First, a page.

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EFPIA backgrounder, issued on World Health Day, 7th April, 2011.

EFPIA fully supports the position of the IFPMA.

We welcome the initiative of the World Health Organization to make antimicrobial

resistance the theme of World Health Day. In 2009, the European Centre for Disease
Control (ECDC) estimated that 25,000 European die each year as a result of a drug-
resistant infection. This will add to the momentum imparted by the ECDC’s annual
Antibiotic Awareness Day which takes place in November.

The decline in antibiotic R&D is a long-term phenomenon, and will take time to reverse.
However it demands urgent action and will require commitment from all stakeholders.
2011 will be a key year for reversing this decline. In November, the European
Commission will launch a new resistance strategy as a response to the Council
Conclusions reached under the Swedish Presidency in July-December 2009.

Reflecting the extensive preparatory work carried out by Sweden, the detailed
Conclusions included calls for:

Member States to: “Review and consider options to strengthen incentives to

conduct research and development of new effective antibiotics within the
academic as well as the pharmaceutical sector as a whole, taking into account
the situation of small and medium-sized enterprises. These options and methods
could include cost-effective push mechanisms to remove bottlenecks in the
early stages of research and development of new antibiotics and pull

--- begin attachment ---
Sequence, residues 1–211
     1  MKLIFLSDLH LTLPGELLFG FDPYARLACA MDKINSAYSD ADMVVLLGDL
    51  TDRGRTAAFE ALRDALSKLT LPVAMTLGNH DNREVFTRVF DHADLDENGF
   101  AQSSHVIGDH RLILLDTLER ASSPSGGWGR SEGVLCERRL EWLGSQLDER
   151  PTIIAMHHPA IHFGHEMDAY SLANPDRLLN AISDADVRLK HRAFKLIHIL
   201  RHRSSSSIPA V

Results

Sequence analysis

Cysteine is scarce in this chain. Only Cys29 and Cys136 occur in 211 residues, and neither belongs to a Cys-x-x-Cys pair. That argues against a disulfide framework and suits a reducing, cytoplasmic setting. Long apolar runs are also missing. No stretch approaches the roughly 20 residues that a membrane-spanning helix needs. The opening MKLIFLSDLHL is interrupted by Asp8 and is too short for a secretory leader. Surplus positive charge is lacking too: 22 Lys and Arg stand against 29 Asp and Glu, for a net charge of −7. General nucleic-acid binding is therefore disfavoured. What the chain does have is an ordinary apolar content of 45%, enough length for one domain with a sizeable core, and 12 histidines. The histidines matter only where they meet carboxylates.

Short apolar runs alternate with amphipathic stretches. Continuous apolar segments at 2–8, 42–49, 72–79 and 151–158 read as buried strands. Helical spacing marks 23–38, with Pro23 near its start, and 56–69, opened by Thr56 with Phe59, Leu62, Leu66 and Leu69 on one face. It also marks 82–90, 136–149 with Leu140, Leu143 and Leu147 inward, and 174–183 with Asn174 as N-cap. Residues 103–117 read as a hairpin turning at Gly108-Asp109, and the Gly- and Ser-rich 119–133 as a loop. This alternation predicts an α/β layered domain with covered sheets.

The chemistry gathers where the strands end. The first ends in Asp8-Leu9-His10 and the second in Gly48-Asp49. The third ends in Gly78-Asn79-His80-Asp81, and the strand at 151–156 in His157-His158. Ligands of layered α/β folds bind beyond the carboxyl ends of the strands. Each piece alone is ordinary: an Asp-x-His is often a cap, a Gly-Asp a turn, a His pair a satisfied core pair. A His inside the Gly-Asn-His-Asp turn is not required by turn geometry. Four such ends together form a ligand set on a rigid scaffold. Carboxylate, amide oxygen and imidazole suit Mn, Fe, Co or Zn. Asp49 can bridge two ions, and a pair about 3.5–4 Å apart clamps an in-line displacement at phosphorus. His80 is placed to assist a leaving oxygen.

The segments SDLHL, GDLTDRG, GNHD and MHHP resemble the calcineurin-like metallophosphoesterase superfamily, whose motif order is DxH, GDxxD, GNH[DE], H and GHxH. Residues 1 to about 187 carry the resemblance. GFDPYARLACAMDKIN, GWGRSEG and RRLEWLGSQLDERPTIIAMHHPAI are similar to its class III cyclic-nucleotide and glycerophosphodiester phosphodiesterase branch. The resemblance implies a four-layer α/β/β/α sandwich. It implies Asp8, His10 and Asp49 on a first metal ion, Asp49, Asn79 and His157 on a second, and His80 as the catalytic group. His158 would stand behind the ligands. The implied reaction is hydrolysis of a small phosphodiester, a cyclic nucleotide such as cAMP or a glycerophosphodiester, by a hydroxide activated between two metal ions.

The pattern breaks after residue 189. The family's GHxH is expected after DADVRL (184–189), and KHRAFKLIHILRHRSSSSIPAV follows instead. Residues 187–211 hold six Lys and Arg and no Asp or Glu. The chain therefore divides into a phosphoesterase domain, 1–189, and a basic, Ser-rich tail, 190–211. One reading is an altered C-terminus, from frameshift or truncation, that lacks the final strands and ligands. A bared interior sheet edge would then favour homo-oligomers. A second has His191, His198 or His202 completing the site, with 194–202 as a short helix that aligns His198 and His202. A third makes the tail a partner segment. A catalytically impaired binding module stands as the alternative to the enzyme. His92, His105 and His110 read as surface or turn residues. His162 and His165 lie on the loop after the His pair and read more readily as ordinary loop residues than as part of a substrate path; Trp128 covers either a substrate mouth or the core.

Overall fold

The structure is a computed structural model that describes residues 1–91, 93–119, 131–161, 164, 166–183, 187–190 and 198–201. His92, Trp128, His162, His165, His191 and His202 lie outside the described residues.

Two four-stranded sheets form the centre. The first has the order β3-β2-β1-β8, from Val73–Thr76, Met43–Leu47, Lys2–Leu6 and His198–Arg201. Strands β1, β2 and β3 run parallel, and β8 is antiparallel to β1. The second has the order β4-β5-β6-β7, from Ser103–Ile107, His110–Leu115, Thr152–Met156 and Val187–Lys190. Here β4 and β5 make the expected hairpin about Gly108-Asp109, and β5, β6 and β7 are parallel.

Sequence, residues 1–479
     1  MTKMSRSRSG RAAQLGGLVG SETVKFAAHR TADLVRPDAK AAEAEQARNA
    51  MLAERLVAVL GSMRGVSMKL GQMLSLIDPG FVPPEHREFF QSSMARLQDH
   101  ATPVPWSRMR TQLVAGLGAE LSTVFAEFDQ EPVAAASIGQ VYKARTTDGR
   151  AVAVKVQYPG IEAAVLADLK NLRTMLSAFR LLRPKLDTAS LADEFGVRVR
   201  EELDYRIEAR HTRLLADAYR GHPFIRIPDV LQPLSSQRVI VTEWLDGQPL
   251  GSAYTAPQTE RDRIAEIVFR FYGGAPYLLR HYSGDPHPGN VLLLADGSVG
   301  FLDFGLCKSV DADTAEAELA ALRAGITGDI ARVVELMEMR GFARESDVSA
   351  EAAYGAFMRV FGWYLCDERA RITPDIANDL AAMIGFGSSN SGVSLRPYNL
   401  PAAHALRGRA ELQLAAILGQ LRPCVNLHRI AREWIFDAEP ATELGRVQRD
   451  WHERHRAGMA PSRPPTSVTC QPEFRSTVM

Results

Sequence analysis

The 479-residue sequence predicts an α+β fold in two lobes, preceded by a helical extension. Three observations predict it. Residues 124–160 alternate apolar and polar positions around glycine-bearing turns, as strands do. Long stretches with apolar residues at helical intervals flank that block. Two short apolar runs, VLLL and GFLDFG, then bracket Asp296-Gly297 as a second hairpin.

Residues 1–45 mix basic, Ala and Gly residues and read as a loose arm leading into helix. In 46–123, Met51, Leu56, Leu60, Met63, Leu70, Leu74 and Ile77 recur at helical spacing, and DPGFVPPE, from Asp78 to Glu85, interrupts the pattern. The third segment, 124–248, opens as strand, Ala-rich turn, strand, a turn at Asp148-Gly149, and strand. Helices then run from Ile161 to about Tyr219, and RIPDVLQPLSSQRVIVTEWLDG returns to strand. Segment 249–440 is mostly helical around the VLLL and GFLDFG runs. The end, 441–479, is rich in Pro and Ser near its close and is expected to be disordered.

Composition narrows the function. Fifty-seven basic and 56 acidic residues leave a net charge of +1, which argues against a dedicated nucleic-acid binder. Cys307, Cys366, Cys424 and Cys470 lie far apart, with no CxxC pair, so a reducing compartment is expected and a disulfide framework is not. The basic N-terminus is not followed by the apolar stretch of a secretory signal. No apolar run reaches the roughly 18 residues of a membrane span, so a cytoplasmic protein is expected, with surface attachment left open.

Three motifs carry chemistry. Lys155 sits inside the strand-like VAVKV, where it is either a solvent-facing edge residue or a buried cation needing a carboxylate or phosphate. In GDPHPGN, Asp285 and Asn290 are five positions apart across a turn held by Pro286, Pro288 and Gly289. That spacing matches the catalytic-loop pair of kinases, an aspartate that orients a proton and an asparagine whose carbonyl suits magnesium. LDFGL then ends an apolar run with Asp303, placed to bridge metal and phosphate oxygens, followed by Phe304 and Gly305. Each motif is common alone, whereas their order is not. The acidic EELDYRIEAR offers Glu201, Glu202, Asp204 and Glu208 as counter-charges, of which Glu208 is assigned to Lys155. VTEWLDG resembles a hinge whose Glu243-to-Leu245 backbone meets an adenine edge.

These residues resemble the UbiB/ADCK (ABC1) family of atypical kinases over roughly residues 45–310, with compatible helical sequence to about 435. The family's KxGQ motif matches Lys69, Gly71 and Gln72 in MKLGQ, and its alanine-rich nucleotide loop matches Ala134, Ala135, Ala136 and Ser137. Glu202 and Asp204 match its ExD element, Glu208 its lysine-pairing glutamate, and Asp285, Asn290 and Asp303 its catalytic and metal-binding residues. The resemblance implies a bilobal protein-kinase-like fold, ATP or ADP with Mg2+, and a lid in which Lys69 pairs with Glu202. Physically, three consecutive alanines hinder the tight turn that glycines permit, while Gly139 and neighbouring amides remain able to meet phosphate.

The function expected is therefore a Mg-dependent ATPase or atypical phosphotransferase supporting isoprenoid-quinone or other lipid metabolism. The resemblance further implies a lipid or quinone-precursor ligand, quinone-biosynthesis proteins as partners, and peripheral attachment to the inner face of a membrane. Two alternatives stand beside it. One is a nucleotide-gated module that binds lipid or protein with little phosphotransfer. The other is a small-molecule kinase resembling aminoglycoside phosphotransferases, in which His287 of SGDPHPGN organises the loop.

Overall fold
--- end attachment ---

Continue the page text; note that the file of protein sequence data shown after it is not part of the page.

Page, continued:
mechanisms to promote the successful introduction of new products.”

Member States and Commission to: “Explore ways to promote further public-
private partnerships between industry, academia, non-profit organizations and
the healthcare system to facilitate research into new antibiotics, strategies for
use of currently available antibiotics and diagnostic methods;”

The Commission to “Within 24 months, develop a comprehensive action-plan,

with concrete proposals concerning incentives to develop new effective
antibiotics, including ways to secure their rational use; and ensure that these
proposals take account of the economic impact on the financial sustainability of
healthcare systems.”
The Transatlantic Taskforce on Antimicrobial Resistance (TATFAR) will release its report,
which will include recommendations on how to invigorate R&D through financial and
regulatory reform. TATFAR was launched at the 2009 EU-US Summit1 and is led for Europe
by the Commission. The coordinated action of the EU and US is very important, not least
to action at a global level and we hope that the TATFAR process will be renewed
following the conclusion of this initial phase.

The Commission has a key role to play in a healthcare problem which is, by definition,
supra-national. The industry will provide the Commission with its full support in
developing the concrete proposals called for by the Council; however we note that this
issue is urgent, underlining the need for an ambitious strategy document and further
collaboration with the US. We ask the Parliament to give its support to this effort by
promoting further discussion of the policy options in the run-up to the launch of the

1 The EU and US agree “To establish a transatlantic task force on urgent antimicrobial resistance
issues focused on appropriate therapeutic use of antimicrobial drugs in the medical and
veterinary communities, prevention of both healthcare- and community-associated drug-
resistant infections, and strategies for improving the pipeline of new antimicrobial drugs, which
could be better addressed by intensified cooperation between us.”